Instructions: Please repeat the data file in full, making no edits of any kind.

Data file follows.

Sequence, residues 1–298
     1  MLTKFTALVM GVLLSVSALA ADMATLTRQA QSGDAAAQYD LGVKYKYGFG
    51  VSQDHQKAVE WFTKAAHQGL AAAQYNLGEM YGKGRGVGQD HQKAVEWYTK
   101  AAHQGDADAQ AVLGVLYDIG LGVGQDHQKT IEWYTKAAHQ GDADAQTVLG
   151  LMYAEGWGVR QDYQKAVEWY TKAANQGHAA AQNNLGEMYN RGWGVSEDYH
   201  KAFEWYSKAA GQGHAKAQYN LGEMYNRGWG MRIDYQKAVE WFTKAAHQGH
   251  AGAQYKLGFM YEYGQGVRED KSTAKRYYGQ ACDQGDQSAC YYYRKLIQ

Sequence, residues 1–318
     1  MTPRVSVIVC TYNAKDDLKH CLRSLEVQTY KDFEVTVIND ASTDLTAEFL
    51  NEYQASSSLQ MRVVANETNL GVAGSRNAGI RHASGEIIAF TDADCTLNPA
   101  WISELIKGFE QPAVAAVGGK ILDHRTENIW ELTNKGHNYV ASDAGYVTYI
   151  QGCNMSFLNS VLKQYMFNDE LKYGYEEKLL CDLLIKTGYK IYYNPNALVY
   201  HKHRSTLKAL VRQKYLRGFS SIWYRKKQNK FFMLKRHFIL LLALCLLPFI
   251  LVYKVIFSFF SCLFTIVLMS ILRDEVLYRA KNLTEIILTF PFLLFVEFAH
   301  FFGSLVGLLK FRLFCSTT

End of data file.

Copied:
Sequence, residues 1–298
     1  MLTKFTALVM GVLLSVSALA ADMATLTRQA QSGDAAAQYD LGVKYKYGFG
    51  VSQDHQKAVE WFTKAAHQGL AAAQYNLGEM YGKGRGVGQD HQKAVEWYTK
   101  AAHQGDADAQ AVLGVLYDIG LGVGQDHQKT IEWYTKAAHQ GDADAQTVLG
   151  LMYAEGWGVR QDYQKAVEWY TKAANQGHAA AQNNLGEMYN RGWGVSEDYH
   201  KAFEWYSKAA GQGHAKAQYN LGEMYNRGWG MRIDYQKAVE WFTKAAHQGH
   251  AGAQYKLGFM YEYGQGVRED KSTAKRYYGQ ACDQGDQSAC YYYRKLIQ

Sequence, residues 1–318
     1  MTPRVSVIVC TYNAKDDLKH CLRSLEVQTY KDFEVTVIND ASTDLTAEFL
    51  NEYQASSSLQ MRVVANETNL GVAGSRNAGI RHASGEIIAF TDADCTLNPA
   101  WISELIKGFE QPAVAAVGGK ILDHRTENIW ELTNKGHNYV ASDAGYVTYI
   151  QGCNMSFLNS VLKQYMFNDE LKYGYEEKLL CDLLIKTGYK IYYNPNALVY
   201  HKHRSTLKAL VRQKYLRGFS SIWYRKKQNK FFMLKRHFIL LLALCLLPFI
   251  LVYKVIFSFF SCLFTIVLMS ILRDEVLYRA KNLTEIILTF PFLLFVEFAH
   301  FFGSLVGLLK FRLFCSTT